Apple’s Silent Email Filtering Is just Plain Wrong

Yesterday, I was having a conversation with my friend Doug Adams, who runs the Doug’s AppleScripts for iTunes website. We were chatting on Messages, and discussing a possible iTunes AppleScript. He said he would email me later in the day, and, a few hours later, said that he had emailed me a link to the script. I didn’t get his email, and he ran some tests, and found that Apple’s iCloud email service was filtering his mail, apparently blocking “dougscripts,” which is part of his domain name.

Doug wrote about this problem on his blog, pointing out that this is a domain he has owned for many years. His email signature contains a link to his website, and he says:

So links to scripts, tips, and articles on my site can’t be used in iCloud mail messages or they will not be delivered.

This isn’t the first time I’d heard about Apple’s silent email filtering; they block messages with certain texts, but don’t bounce them, so the only way you know something has been blocked is if you check with your recipient and find they haven’t received a message.

While spam filtering is important, making arbitrary filters like this is wrong, and should not happen; I also wonder if it’s in violation of Apple’s terms of service. They said that, regarding email, you will not…

f. post, send, transmit or otherwise make available any unsolicited or unauthorized email messages, advertising, promotional materials, junk mail, spam, or chain letters, including, without limitation, bulk commercial advertising and informational announcements;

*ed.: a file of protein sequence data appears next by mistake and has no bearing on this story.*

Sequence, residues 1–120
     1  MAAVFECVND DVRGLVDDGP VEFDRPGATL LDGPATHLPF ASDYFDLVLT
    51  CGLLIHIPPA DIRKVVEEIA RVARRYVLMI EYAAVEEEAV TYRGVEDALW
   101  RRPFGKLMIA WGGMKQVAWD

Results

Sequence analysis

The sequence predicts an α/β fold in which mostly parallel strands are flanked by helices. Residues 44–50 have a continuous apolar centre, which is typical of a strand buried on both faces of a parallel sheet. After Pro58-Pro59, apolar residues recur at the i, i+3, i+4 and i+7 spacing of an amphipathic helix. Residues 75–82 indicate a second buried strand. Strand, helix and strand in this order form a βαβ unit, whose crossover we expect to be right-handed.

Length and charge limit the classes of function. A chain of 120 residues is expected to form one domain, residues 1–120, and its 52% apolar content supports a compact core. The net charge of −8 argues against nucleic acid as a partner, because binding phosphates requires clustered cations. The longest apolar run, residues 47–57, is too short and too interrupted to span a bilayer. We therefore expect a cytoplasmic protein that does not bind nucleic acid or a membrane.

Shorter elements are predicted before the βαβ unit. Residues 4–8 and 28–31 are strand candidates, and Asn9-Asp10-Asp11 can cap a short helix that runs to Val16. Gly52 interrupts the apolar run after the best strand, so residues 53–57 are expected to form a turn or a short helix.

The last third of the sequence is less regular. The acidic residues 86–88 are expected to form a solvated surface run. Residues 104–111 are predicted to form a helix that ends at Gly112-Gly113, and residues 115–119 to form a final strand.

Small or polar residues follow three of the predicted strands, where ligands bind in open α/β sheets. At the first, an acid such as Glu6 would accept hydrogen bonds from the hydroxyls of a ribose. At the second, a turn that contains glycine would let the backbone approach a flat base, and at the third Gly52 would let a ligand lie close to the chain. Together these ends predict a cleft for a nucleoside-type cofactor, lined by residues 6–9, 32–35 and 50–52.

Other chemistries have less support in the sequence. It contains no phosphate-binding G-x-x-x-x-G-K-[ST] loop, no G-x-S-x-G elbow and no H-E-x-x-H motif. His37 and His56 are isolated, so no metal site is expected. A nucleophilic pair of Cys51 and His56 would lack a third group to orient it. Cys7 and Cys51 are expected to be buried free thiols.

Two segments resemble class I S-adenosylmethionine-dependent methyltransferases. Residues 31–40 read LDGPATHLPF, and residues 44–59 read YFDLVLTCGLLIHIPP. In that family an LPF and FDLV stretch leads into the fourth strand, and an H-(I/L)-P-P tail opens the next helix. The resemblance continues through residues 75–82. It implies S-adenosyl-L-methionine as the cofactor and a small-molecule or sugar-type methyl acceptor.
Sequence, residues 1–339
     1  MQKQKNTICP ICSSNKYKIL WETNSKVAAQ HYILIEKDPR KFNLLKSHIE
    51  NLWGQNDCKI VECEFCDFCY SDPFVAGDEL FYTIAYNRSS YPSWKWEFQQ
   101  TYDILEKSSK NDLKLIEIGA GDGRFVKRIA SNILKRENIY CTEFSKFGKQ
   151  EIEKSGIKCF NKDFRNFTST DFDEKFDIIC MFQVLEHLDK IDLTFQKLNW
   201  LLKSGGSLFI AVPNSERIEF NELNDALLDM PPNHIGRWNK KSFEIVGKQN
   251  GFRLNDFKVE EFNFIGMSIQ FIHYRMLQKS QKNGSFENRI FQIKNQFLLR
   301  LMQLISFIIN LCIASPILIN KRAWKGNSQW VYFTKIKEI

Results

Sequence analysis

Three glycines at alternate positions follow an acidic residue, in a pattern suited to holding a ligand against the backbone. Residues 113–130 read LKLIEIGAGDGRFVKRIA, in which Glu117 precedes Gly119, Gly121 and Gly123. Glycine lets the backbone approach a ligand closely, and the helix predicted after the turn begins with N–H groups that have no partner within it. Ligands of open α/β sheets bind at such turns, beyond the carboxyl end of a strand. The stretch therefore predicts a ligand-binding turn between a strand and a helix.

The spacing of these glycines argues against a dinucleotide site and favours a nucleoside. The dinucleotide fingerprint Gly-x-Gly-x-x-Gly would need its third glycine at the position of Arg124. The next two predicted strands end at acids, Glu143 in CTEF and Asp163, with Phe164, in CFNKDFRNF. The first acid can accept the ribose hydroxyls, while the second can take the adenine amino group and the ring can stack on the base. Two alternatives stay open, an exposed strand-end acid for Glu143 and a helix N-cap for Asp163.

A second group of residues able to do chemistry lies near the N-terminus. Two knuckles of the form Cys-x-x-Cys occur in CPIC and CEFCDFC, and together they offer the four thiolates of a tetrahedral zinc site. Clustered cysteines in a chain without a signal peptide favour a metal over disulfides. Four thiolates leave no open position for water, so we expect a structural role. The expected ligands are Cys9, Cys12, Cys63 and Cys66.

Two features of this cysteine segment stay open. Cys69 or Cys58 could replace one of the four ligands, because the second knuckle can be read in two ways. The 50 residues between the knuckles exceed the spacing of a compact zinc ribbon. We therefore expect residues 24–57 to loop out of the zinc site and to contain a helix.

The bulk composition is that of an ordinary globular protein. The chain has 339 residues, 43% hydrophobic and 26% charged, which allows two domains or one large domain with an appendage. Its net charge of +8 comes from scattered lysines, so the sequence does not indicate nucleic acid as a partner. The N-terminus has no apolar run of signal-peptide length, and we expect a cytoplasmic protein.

Yet they also say:

You acknowledge that Apple is not responsible or liable in any way for any Content provided by others and has no duty to pre-screen such Content.

There’s a serious problem when your emails may not be delivered and you are not notified. Imagine if Doug were applying for a job, sending a link to his website to show people his work. He’d assume the email went through, but would have no way of knowing that it didn’t. He might miss a deadline for paid work that he sent someone attached to an email, or he might simply not be able to tell a friend where they are to meet.

Apple should not be doing this. If they filter emails, they should send non-delivery notifications, with explanations of why the emails were not delivered. I hope Doug can sort this out, and I find it very surprising that something as simple as his domain name is being blocked.

I use a .mac email address occasionally, in part because it has push messaging, and that’s useful on my iOS devices. I may stop using it, however, as the inability to be certain my messages get delivered can be a problem for me as a professional who works almost exclusively via email.